WEST ALLIS, Wisc. – Tony Evers and his administration admitted behind closed doors that his paroles are unpopular, and as a result, they have made Wisconsin less safe. The public opposes his early release philosophy for convicted murders and rapists, and a new document made public by Sen. Van Wanggaard’s office confirms that Evers and his staff asked Parole Commission Chairman John Tate II to resign out of fear of political pushback.
“We have now seen official state documents that indicate the governor and his staff were concerned that their parole spree was receiving media attention and they’ve gone to great lengths to keep information from the public,” said Michels. “When the heat was turned up, they forced one Parole Commission Chairman to resign, and now they are slow-walking responses to open records requests.”
In May, proving that the governor is not a mere bystander in the parole process, Evers wrote a letter to his Parole Commission Chairman John Tate, II. After the public becameaware of one particularly heinous criminal who was granted parole, Evers asked that Tate reconsider his actions. The parole was rescinded, but Tate later resigned at the request of Evers and his staff.
At the August 18 of Administration Division of Hearings andAppeals meeting on the recommended rescission of the parole grant for Douglas Balsewicz, formerParole Commission Chairman John Tate II admitted the Evers Administration had grave concerns that details of the Parole Commission’s work would be made public:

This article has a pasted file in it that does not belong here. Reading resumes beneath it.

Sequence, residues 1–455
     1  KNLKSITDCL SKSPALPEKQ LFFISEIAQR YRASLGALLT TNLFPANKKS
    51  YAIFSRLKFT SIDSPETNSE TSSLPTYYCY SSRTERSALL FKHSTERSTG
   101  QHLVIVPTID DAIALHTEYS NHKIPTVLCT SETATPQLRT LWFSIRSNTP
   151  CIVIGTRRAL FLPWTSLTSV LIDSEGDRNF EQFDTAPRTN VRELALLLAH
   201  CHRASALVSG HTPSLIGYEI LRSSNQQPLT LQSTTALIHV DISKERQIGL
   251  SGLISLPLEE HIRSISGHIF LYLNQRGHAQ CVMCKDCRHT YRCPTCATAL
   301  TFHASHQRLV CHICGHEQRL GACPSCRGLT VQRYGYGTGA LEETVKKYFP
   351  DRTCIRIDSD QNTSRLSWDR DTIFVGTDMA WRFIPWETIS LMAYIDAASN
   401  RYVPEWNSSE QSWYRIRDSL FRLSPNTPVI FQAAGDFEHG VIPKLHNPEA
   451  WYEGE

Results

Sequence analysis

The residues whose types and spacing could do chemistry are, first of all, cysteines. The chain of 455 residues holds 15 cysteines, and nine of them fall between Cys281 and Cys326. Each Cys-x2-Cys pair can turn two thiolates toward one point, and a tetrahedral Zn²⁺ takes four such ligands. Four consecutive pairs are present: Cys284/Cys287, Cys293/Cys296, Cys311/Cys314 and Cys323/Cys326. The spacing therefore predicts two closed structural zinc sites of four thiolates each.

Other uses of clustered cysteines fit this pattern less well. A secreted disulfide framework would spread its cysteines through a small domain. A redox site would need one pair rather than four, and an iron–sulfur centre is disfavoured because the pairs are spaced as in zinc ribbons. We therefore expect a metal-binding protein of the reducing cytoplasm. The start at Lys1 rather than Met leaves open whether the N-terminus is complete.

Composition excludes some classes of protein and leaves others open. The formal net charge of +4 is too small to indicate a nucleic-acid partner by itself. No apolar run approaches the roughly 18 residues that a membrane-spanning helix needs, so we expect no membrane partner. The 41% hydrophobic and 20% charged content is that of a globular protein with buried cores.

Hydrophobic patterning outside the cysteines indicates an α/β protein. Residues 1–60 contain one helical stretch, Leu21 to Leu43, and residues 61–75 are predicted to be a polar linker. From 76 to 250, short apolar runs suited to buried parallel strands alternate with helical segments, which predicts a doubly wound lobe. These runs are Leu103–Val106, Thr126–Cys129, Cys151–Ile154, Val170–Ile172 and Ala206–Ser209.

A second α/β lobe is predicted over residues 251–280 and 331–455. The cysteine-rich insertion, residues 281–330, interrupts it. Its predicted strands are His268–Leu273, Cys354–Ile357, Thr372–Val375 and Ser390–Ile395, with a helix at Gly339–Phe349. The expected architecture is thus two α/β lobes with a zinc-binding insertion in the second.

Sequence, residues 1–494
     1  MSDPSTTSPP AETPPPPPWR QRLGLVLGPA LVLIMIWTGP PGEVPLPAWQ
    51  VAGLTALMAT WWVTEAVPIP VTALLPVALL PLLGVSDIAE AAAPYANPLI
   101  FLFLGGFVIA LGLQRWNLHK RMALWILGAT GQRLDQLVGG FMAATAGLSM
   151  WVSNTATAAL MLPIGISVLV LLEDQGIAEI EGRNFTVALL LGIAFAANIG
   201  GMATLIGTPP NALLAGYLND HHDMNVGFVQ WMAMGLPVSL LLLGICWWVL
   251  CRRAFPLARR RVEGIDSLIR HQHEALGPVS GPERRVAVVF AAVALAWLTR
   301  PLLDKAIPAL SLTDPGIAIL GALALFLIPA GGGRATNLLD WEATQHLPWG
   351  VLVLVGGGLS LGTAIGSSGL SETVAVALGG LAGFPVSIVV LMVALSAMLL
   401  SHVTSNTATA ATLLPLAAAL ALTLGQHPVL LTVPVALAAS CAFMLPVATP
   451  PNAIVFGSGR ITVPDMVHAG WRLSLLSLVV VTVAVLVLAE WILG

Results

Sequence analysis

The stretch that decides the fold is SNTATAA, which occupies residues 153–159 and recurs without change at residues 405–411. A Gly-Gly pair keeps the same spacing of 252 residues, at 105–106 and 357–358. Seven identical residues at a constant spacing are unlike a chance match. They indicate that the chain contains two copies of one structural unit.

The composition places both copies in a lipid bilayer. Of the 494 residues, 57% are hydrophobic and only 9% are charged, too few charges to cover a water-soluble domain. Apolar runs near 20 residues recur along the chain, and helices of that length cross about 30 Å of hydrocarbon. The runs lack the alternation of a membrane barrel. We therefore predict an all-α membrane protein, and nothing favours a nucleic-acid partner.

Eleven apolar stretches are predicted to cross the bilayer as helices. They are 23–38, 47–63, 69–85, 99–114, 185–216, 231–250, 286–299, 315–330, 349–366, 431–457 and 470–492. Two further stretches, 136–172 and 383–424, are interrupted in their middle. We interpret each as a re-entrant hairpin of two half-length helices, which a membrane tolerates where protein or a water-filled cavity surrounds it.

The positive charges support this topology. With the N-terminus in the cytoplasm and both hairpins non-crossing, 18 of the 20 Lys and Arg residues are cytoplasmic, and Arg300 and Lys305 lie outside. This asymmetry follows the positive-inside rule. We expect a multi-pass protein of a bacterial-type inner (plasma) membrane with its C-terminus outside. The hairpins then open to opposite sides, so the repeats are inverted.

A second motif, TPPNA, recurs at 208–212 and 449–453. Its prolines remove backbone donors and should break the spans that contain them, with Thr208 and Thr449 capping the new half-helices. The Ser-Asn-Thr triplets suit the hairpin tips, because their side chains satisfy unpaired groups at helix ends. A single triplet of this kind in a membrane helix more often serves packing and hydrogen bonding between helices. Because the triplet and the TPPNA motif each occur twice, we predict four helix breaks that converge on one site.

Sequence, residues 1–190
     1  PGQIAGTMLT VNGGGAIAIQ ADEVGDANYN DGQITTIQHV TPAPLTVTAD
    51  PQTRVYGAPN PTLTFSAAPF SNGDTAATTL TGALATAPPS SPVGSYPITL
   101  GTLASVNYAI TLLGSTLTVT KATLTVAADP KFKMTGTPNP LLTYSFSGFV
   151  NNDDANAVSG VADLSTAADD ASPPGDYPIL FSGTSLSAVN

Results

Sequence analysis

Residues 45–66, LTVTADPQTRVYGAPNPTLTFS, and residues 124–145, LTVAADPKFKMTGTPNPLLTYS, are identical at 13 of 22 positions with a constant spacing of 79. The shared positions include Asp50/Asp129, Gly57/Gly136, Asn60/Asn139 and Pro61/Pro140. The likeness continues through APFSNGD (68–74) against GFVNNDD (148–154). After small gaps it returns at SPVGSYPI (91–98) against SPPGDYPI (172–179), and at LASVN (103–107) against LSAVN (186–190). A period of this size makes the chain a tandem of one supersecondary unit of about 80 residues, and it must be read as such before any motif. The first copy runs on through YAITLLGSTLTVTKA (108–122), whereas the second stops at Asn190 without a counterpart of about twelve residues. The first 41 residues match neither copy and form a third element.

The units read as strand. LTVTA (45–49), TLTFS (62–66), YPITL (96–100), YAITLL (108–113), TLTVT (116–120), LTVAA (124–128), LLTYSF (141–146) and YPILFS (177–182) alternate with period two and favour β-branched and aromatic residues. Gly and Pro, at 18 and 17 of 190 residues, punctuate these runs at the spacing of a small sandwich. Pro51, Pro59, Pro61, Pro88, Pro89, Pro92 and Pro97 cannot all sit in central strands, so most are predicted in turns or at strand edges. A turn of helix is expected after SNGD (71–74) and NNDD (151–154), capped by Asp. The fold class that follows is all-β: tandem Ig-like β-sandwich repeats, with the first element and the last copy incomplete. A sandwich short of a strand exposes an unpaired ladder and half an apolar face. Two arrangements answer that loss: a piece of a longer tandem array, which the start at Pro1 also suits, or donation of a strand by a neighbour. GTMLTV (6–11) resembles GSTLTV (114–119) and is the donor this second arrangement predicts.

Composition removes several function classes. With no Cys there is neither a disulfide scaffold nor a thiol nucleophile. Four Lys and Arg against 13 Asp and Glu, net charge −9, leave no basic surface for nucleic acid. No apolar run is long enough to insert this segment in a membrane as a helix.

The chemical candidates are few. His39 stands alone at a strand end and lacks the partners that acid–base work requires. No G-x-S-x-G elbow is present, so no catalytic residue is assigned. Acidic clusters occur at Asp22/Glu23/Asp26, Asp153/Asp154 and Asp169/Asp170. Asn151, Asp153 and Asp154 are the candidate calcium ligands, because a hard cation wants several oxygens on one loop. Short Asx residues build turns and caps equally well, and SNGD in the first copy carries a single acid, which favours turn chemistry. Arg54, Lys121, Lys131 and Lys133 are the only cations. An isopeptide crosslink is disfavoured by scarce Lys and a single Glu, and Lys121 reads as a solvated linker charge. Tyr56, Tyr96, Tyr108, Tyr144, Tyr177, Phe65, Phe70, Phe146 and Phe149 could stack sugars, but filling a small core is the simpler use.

At the August 18 Department of Administration Division of Hearings and Appeals meeting on the recommended rescission of the parole grant for Douglas Balsewicz, former Parole Commission Chairman John Tate II admitted the Evers Administration had grave concerns that details of the parole commission’s work would be made public:
“I was asked to resign in anticipation of the upcoming legislature going in to [sic] a special session and litigating parole cases…or litigating parole cases in the public sphere and at the end of that process rejecting my confirmation,” said Tate according to transcripts of the hearing.
Michels said the revelation shows Evers understands he can impact the parole grants and that, once exposed to the public, his parole spree would be wildly unpopular.
“The parole spree, the secrecy, all of this is wrong,” said Michels. “Tony Evers releases murderers and rapists yet withholds public information because he feared if the truth of his parole spree gets out, the good people of Wisconsin would be outraged.”
See the transcript here.
About Tim Michels:
Tim Michels is a conservative businessman and veteran running for Governor of Wisconsin. Tim is a proven leader from outside the political establishment who is poised to clean up the mess in Madison and get things headed in the right direction. After serving in the Army for 12 years, Michels worked with his brothers to run Michels Corporation, which in the last 25 years has grown from a few hundred employees to a nationally-admired, multi-faceted construction company with more than 8,000 employees.